Note that the below portfolios are shown as examples only and do not constitute investment advice. Therefore, please do not copy any of these blindly without doing your homework or searching for additional information. Also follow the blog to see more in depth reasoning behind picks, as some choices could be better than others. Such reasoning cannot fit on this page alone. For example, choosing American Long-Term Treasury Bonds will function better than global equivalents during a distressed financial environment as the US Dollar is considered a safe-haven, while other countries’ bonds does not have the same status. Read more about this in the March 2020 Portfolio Update post.

Below the list, I have included brief explanation and reasoning for each portfolio, where you can get additional flavour for the setups.

All sheets below are supported by Google Spreadsheets. I apologize for slow loading time caused by this.


ETF Inspiration

Reasoning behind example portfolios

A couple of notes for the different example portfolios:

Portfolios 1 and 3: American portfolios

The portfolios 1 and 3 are just an European (1) and American (3) version of more or less the same portfolio, both with exposure to only American stocks and bonds, and without any currency hedging. The ETFs included are some of the most common ones on the market for the sought exposure as they have some of the highest asset under management. This portfolio would suit any investor appreciating exposure to the US, considering it is the leading economy in the world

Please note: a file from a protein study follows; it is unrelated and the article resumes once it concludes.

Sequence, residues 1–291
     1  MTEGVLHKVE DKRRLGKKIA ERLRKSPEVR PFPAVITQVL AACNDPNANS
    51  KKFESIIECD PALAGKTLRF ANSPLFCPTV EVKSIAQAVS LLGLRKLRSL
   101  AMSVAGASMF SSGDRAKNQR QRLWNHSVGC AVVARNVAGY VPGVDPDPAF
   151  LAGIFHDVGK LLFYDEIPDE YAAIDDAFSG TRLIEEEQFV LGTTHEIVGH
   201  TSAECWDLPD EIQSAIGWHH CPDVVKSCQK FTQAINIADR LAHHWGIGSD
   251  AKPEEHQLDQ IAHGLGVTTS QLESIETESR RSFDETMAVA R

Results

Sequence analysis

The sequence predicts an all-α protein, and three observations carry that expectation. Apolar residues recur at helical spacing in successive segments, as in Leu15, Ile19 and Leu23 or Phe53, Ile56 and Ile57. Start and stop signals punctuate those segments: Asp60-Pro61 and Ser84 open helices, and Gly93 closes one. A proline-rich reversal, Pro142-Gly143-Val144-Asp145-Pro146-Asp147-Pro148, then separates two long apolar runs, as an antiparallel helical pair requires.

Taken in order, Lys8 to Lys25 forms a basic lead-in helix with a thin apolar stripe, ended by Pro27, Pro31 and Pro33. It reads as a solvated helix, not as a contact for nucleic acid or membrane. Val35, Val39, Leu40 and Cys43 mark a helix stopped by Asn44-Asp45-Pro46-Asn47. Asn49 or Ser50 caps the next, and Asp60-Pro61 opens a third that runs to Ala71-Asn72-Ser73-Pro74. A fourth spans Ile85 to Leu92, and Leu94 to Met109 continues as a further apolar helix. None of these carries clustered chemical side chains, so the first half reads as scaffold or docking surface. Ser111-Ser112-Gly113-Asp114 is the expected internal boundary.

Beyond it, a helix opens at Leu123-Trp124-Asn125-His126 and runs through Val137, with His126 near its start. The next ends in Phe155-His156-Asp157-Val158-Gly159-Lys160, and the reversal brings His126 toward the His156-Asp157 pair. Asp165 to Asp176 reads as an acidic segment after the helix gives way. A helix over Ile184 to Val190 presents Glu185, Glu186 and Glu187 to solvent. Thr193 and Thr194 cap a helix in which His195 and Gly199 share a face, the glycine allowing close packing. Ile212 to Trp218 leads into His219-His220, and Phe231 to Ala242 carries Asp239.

Portfolio 2: EUR Hedged American Portfolio

The portfolio no. 2 in this list of example, is similar to portfolio 1, being a portfolio for European investors with the same exposure to American stocks, but with the only difference that the portfolio is EUR hedged. This portfolio suits the European investor who does not want the currency risk against the USD dollar. Gold and Commodities ETFs are left unhedged, because these underlying assets have their same value regardless of the currency the ETF is traded in.

Portfolio 4: European Portfolio

The example portfolio 4 is a home market portfolio for European investors. Here, the investor will have only local exposure, which helps her or him to grow wealth at the same rate as her or his surrounding economy develops. With this portfolio, you will get access to the stocks of 600 largest European companies, and the bonds of the strongest countries in the Eurozone. Gold and commodities are by fact global assets, but in this portfolio, we have included a commodities ETF with longer duration on the futures contracts. 


Portfolio 5: Global Portfolio

For the investor that does not want his or her exposure completely toward the United States, there is the portfolio example no. 4, which will give you a global exposure. Here, you will also have exposure to European Stocks and Government Bonds, but also toward China, which is a growing economic power. For example, instead of only being exposed to American bonds, your bonds will be exposed to highly rated countries, with low risk of default. You should therefore have a safe place for your money, but be less exposed to events on the financial markets that especially hits the American economy, such as the housing market crash of 2008. The portfolio is unhedged.

Portfolio 6: Global Small Cap Value

This is a high risk portfolio, that may not completely follow the risk parity formula. Historically, small cap value companies have outperformed the large cap companies by several percentage points, but that is not a guarantee for future return. With this portfolio, you could get excess returns from faster growing companies with value emphasis, but expect higher volatility. Do your research before choosing this portfolio and be sure to follow your rebalancing strategy.

Please also note that most of the ETFs are available in both distributing and accumulating versions. You can check this out by finding the ETF on each ETF provider’s web page, where you in most cases will find the version you are looking for.